Laurie: Right. They got behind you cause they believed in you. In your purpose and your message.
Miriam: Yes. Multilevel marketing. That was the word I was looking for.
Laurie: I haven’t heard of Nikken.
Laurie: Okay. So I’m curious because you talk about dreaming big and thinking big, and this is huge. Like what did you do before? So I know, you know you had children. What did you do before? Did you have any marketing experience? Or any like, was that your job?
Miriam: The marketing? No, was never my job. I did have a business previously. I’ve always been self employed for the most part. I started buying real estate when we were, my husband and I met in college and we started buying real estate. So that’s always been, we still do that.
And then for about seven years, I, I sold a product called Alphabet Photography. So I met this girl that was starting this company and I just asked her if I could partner with her, cause I really believed in it.
So she would go around and take photos of objects that look like letters of the alphabet. All together to make words. Last names. So you are the first in Canada. I, her and I separated our businesses, but I had the rights to sell it at craft shows. So I actually went to Alberta many times to the big craft shows to Art Fest, um, Circle Craft in Vancouver, lots of the, One of a Kind in Toronto. So I did that for seven years. Yeah.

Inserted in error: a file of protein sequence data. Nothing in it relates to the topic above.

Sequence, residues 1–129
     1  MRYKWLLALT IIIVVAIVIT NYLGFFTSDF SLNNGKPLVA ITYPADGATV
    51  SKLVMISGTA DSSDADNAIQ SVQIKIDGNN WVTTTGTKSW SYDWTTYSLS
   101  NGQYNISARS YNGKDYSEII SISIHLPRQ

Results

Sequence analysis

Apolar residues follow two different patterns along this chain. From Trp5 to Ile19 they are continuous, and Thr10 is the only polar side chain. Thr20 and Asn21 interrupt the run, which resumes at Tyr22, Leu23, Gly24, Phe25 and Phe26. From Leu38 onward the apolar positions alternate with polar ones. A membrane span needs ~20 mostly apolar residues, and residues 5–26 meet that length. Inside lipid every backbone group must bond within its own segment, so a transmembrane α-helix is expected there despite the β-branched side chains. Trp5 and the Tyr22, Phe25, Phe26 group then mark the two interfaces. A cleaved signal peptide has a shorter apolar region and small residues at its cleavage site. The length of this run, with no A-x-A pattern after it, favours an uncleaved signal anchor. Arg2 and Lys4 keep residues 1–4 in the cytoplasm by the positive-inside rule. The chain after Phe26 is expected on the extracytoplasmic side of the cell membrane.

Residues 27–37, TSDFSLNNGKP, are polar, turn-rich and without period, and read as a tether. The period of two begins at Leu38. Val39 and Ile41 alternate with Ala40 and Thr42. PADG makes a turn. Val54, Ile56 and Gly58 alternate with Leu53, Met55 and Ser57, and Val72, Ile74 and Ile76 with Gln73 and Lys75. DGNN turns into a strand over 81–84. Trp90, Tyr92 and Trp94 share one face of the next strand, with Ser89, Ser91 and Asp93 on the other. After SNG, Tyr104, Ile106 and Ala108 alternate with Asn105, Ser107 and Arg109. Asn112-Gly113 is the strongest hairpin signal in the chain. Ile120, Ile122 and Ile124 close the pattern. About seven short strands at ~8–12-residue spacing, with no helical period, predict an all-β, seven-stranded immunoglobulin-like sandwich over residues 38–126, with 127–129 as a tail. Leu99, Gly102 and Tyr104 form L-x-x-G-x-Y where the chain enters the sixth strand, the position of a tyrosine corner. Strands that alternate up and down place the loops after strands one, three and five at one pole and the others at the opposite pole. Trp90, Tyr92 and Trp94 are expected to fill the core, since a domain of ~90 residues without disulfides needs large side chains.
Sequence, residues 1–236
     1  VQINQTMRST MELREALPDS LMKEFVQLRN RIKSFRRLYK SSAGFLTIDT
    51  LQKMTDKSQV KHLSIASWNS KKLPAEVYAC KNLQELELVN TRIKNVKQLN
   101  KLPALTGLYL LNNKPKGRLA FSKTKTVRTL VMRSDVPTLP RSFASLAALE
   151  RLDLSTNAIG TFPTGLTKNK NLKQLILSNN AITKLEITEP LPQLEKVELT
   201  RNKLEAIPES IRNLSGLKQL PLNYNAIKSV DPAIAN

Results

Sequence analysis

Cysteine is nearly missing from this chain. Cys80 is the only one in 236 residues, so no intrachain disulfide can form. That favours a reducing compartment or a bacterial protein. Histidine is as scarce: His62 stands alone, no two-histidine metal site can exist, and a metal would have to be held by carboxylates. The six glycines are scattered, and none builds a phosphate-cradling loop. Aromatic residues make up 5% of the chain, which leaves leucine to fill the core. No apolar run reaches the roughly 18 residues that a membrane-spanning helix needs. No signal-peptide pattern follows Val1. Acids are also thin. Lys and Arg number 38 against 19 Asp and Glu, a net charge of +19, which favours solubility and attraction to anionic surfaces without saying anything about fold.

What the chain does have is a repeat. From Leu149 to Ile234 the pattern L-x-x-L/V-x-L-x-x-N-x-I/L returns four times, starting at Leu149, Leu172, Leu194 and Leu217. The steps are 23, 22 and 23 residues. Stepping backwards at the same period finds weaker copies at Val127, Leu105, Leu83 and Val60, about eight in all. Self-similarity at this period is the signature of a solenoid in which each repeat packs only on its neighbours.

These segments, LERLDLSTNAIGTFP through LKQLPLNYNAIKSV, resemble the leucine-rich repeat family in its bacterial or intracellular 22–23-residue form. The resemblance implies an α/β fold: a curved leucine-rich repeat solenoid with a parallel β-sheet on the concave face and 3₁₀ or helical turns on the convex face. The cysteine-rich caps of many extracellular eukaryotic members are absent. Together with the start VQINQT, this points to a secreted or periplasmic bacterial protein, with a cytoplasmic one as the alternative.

Laurie: Oh, wow. So you had a bit of a business background, but not necessarily the marketing, but
Miriam: Not necnecessarily, the marketing just always business.
Laurie: Just always business. I think that would help a little bit. When I started, I was, I had been a teacher, which isn’t businessy. So there was a lot to learn. There’s still is.
Miriam: But you had the children already in mind.
Laurie: Yes. That’s where my inspiration came was from, seeing the changes in children over a 10 year period. I taught kindergarten. And, um, so you and I actually write about similar things cause your books are all “I Can” books, right? And uh, my first one was “I Can Handle It”.
And it’s, um, all those little issues that if we don’t teach them that, you know, they can try and attempt and tie their own shoe and, you know, sharpen their own pencil. If they don’t. Uh, if they’re not given the opportunity to do that for themselves, then they’re not gonna be able to handle bigger problems when they’re teenagers.
So, so similar motivation to you without the heartbreaking, um, impetus there. So,
Miriam: Yeah. Well, it’s exactly the same. I don’t talk about mental health or suicide in my books. But the idea behind, “I Can Believe In Myself” is teaching children to let go of the word can’t. Because I believe the word can’t is, it’s the worst word in our vocabulary. It stops us from even trying, right? So that’s what I teach in that story is just letting go of that word can’t, and going for the can instead. And actually going for it. And I mean, there’s so much around it, but.